Reviews

This book by M. Subtelny can be resituated in the continuity of her previous works on the Timurids, on the study of agriculture handbooks and on the economic role played by mausoleums (see the bibliography pp. 385-7). The present study is a significant contribution to the development of Timurid studies. While dealing with on many figures of the imperial family, the author concentrates on the reign of Timur’s great-grandson Sultan Husayn Bayqara (the ruler of Khurasan from 1469 to 1506). This period of time gave way to deep change in governance and in the society itself. As M. Subtelny explains in her introduction, in this book she has endeavoured to answer to several questions: Why Timur’s descendants “were obliged to make the transition from a nomadic empire to a sendentary form of government in the first place; what was the nature of the polity they established [. . .]; what competing political forces were in play during the process of transition [. . .]; and, finally what mechanisms did Timurid rulers employ in their attempt to effect the transition to a more centralised, sedentary state.”

In chapter 1, “The Routinisation of Charisma: The Timurid Patrimonial Household State (11-42),” the author examines (11-2) the concept of charisma (qut) that lied at the basis of Timur’s ideology, through the application of Max Weber’s concept of “routinisation of charismatic authority.” This notion had already been used by Eric Voegelin in a study published in 1966 (note 4 p. 12). Timur’s successors were confronted with a crucial challenge: How to maintain political control and legitimacy without a leader endowed with charismatic authority? M. Subtelny explains that the empire founded by Timur constitutes “a case study of what Max Weber referred to as the routinisation of charisma, according to which economic factors served as the chief impetus for the reorganisation of administrative structures [. . .].” In this first chapter, she subtly tackles the Chinggiskhanid legacy through the Turkic and Mongol concept of law (törä) that was claimed by Timur. In chapter two, “From Political Vagabond to Potentate: The Career of Sultan-Husain Bayqara (43-73),” she describes the sultan’s rise to power, which was interrupted by “periods of political vagabondage (qazaqliq) [43].”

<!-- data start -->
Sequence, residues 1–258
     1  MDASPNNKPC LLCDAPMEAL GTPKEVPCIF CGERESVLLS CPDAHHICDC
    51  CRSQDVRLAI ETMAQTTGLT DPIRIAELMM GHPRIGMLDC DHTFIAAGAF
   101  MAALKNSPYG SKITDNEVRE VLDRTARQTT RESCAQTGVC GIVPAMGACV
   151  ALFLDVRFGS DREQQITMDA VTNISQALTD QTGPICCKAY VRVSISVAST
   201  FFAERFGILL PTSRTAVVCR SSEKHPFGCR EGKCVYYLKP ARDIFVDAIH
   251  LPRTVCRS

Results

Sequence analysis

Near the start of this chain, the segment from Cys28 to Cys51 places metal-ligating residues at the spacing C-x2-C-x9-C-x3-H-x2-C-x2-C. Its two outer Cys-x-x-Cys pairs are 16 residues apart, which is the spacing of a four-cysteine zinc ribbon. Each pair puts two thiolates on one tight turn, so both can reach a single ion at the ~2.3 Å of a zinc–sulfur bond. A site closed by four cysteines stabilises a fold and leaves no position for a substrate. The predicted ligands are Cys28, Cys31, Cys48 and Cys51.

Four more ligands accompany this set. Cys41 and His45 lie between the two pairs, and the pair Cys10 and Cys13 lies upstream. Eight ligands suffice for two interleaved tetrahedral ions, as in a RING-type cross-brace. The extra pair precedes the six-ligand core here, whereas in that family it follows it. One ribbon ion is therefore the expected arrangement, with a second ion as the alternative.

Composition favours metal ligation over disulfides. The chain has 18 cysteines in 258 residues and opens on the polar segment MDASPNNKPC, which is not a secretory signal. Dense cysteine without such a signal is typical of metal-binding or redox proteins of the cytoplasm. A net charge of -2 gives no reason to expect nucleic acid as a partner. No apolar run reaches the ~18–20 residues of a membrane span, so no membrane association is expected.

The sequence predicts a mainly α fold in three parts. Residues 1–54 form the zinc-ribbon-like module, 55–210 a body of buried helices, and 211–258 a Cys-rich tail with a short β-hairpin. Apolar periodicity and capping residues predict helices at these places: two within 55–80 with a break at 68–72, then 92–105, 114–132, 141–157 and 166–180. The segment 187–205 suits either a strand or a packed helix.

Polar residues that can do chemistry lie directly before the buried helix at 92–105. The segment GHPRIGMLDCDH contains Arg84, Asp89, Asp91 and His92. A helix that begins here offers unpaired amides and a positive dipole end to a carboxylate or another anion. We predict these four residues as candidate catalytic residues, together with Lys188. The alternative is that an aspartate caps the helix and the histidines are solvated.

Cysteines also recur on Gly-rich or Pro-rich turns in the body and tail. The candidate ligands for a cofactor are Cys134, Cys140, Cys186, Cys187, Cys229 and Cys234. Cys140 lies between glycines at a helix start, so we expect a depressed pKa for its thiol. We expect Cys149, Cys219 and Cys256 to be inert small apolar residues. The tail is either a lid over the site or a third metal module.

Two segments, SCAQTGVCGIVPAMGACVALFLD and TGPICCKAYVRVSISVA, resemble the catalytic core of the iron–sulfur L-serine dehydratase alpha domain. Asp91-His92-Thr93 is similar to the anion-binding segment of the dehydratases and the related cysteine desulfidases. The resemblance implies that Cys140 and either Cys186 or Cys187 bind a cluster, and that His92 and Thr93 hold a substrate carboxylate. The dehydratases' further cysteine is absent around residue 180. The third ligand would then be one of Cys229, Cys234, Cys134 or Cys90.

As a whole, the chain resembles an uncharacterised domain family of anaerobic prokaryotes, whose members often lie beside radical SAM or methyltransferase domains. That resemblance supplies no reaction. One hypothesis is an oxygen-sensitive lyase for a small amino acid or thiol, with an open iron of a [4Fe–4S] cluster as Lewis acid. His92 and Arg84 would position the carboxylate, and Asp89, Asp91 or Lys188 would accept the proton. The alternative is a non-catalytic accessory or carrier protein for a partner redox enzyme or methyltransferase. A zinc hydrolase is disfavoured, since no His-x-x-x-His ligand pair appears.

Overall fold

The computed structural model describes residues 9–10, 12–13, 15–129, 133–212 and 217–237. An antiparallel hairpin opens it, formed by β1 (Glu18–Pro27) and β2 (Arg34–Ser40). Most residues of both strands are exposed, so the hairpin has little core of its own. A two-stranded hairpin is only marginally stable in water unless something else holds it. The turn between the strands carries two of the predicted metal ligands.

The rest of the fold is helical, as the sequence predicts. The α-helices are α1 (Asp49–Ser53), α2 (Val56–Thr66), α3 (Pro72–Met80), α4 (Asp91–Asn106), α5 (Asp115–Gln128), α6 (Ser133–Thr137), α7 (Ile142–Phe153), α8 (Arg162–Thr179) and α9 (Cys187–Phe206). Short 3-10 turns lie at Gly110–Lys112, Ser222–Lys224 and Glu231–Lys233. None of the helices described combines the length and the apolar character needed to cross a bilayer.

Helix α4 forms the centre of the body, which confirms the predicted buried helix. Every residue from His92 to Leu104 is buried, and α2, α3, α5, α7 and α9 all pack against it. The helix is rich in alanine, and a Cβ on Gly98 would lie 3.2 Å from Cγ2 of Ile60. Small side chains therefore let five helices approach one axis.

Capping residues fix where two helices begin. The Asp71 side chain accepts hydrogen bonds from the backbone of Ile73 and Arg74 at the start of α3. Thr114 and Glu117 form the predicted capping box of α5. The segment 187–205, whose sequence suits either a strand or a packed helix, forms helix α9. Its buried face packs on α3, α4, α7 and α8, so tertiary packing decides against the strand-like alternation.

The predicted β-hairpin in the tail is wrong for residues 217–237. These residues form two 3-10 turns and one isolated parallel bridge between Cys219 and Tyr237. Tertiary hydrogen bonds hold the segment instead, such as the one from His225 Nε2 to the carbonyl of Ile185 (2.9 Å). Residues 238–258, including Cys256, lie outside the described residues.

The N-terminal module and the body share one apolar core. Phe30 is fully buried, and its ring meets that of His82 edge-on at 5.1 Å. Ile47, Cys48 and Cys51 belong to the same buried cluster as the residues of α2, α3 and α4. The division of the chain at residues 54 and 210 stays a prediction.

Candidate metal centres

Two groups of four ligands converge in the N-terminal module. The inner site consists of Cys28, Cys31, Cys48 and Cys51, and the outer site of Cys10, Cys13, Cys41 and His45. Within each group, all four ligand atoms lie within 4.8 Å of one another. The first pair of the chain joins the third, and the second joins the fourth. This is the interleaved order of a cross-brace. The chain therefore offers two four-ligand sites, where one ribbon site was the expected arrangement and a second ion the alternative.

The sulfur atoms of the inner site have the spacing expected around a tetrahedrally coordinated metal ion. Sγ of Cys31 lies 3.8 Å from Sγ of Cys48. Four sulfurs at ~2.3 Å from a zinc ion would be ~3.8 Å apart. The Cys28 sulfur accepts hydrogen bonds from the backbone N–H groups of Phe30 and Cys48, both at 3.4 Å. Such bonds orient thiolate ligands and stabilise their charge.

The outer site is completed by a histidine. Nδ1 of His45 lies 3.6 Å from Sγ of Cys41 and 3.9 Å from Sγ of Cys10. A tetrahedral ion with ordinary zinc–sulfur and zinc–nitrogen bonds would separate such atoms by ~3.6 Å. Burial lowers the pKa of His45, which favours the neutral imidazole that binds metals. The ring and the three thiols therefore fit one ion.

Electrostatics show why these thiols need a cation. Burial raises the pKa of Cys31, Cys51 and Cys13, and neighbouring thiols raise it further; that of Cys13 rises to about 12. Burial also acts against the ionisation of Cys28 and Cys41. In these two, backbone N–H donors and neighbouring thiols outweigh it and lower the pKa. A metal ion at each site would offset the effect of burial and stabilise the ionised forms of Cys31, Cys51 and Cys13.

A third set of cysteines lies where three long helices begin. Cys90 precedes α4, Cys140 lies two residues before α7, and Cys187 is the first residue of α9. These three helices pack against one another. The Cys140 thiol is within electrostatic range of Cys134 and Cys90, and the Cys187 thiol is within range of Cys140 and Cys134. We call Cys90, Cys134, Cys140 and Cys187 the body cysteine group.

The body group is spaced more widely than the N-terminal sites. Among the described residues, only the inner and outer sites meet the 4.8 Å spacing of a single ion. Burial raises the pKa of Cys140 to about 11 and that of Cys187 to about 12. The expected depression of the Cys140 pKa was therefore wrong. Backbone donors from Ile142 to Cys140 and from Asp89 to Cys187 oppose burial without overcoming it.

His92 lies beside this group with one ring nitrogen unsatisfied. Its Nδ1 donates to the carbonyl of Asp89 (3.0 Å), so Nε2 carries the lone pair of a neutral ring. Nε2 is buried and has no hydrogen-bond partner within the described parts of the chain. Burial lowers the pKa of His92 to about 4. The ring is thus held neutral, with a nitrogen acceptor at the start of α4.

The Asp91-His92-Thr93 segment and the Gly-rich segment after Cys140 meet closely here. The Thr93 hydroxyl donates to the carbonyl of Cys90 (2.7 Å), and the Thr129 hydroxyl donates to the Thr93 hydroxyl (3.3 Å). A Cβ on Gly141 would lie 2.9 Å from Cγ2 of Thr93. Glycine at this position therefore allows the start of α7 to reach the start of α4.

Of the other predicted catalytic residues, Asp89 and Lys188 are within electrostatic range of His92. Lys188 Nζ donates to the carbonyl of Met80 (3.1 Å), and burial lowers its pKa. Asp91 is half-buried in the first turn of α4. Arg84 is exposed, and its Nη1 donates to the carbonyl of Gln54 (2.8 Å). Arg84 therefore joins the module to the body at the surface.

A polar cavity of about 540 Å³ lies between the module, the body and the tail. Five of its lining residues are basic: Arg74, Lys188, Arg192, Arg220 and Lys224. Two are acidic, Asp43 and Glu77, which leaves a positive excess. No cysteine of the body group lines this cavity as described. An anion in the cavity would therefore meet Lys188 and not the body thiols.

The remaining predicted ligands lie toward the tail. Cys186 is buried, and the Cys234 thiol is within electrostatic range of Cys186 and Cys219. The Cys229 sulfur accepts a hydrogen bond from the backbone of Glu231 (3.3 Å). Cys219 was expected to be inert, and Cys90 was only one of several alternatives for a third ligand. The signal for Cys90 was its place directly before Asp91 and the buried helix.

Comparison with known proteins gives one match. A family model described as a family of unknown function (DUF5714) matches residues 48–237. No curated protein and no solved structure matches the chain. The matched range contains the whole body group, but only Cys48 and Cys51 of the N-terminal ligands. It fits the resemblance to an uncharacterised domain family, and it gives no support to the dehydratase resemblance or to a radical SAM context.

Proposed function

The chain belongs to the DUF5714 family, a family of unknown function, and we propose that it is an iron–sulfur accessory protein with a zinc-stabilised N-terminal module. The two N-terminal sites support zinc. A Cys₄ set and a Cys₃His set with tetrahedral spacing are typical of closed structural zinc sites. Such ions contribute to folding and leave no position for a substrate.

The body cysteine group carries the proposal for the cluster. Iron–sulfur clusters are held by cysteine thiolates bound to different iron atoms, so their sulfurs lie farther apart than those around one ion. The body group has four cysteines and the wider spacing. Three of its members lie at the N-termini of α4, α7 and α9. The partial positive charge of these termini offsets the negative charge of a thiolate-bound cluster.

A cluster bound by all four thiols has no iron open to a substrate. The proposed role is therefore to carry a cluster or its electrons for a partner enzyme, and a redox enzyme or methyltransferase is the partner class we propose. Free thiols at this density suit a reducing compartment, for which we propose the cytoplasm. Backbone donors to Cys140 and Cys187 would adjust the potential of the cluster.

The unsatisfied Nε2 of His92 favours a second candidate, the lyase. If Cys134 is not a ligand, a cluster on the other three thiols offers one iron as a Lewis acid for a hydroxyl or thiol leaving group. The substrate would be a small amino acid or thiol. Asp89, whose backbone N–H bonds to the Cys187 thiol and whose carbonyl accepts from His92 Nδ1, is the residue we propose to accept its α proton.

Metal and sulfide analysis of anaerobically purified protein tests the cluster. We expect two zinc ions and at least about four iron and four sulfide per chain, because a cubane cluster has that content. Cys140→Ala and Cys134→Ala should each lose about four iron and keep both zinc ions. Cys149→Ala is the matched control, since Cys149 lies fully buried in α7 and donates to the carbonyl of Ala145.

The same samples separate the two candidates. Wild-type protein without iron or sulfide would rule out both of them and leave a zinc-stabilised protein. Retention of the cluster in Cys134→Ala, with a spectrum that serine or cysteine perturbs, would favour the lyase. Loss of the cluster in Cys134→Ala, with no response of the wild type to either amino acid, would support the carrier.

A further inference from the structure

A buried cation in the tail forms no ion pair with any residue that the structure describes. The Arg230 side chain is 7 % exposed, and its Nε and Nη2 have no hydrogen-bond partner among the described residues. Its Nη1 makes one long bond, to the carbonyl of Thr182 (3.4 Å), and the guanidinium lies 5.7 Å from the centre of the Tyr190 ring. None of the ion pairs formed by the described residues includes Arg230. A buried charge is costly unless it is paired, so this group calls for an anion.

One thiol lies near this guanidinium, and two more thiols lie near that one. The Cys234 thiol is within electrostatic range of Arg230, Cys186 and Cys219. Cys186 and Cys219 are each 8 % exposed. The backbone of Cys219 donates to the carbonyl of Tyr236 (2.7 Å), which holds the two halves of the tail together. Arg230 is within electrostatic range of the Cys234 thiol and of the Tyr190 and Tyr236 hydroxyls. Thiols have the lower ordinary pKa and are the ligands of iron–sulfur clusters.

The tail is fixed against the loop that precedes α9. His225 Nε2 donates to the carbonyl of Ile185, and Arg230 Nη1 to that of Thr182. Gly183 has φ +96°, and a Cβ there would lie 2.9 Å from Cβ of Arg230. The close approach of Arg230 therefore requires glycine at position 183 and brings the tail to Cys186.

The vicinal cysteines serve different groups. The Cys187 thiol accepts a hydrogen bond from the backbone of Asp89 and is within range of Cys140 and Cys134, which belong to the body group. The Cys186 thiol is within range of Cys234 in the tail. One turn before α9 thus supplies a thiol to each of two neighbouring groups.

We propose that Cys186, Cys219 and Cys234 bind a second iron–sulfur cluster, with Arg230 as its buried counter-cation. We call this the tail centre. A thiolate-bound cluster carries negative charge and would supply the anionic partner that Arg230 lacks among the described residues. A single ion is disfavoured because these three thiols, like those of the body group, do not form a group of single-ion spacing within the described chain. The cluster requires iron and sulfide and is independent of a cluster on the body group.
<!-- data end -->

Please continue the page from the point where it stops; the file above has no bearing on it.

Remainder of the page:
Chapter three (“The Challenge of Change: Centralising Reforms and Their Opponents, 74-102”) examines the tensions between different ideological trends and the competitions between the military élite and the Islamic Persian bureaucracy. M. Subtelny shows that these tensions reached their peak during the reign of Sultan Husayn, that it is during this period of time that the Persians begun to impose a number of economic reforms in order to centralise the fiscal administration. These reforms were opposed by the military élites as long as they were challenging their privileges. In chapter four (“The Search for Long-Term Solutions: Khorasan and The Agricultural Imperative,” 103-47), she analyses the mirrors of princes that were utilised for explaining to the members of the imperial family the advantages of agriculture. It was apparently in this period that numerous agriculture handbooks were written, the origin of which is traces by M. Subtelny. The study of relations between agriculture and pious foundations (waqfs) is the subject of chapter five (“Piety and Pragmatism: The Role of the Islamic Pious Endowment,” 148-91). Thanks to a detailed analysis of these documents, the author demonstrates that the growth of waqfs significantly contributed to the prosperity of Khurasan. The sixth and last chapter (“Of Saints and Scribes: The Timurid Shrine as a Vehicle for Agromanagement,” 192-228) is devoted to the role of mausoleums and to their gradual transformation into vast complexes endowed with a great many arable lands. The promotion of these mausoleums was made not only by the imperial family, but also by the ruler’s wives and by the military élite. So doing, they were making these religious complexes an important factor of the development of agriculture in Khurasan.

In this exceptionally rich study M. Subtelny brings very satisfactory answers to the questions raised in her introductory chapter. She demonstrates that the military élites did maintain their Turkic and Mongol identity as well as their nomadic culture, while making the promotion of an economy based on agriculture. The text is completed by very useful annexes: reproductions and translations of manuscript documents (236-359), a substantial bibliography (361-90) and a detailed index (391-411).

Denise Aigle, Practical School for Advanced Studies, Paris
CER: II-3.4.B-264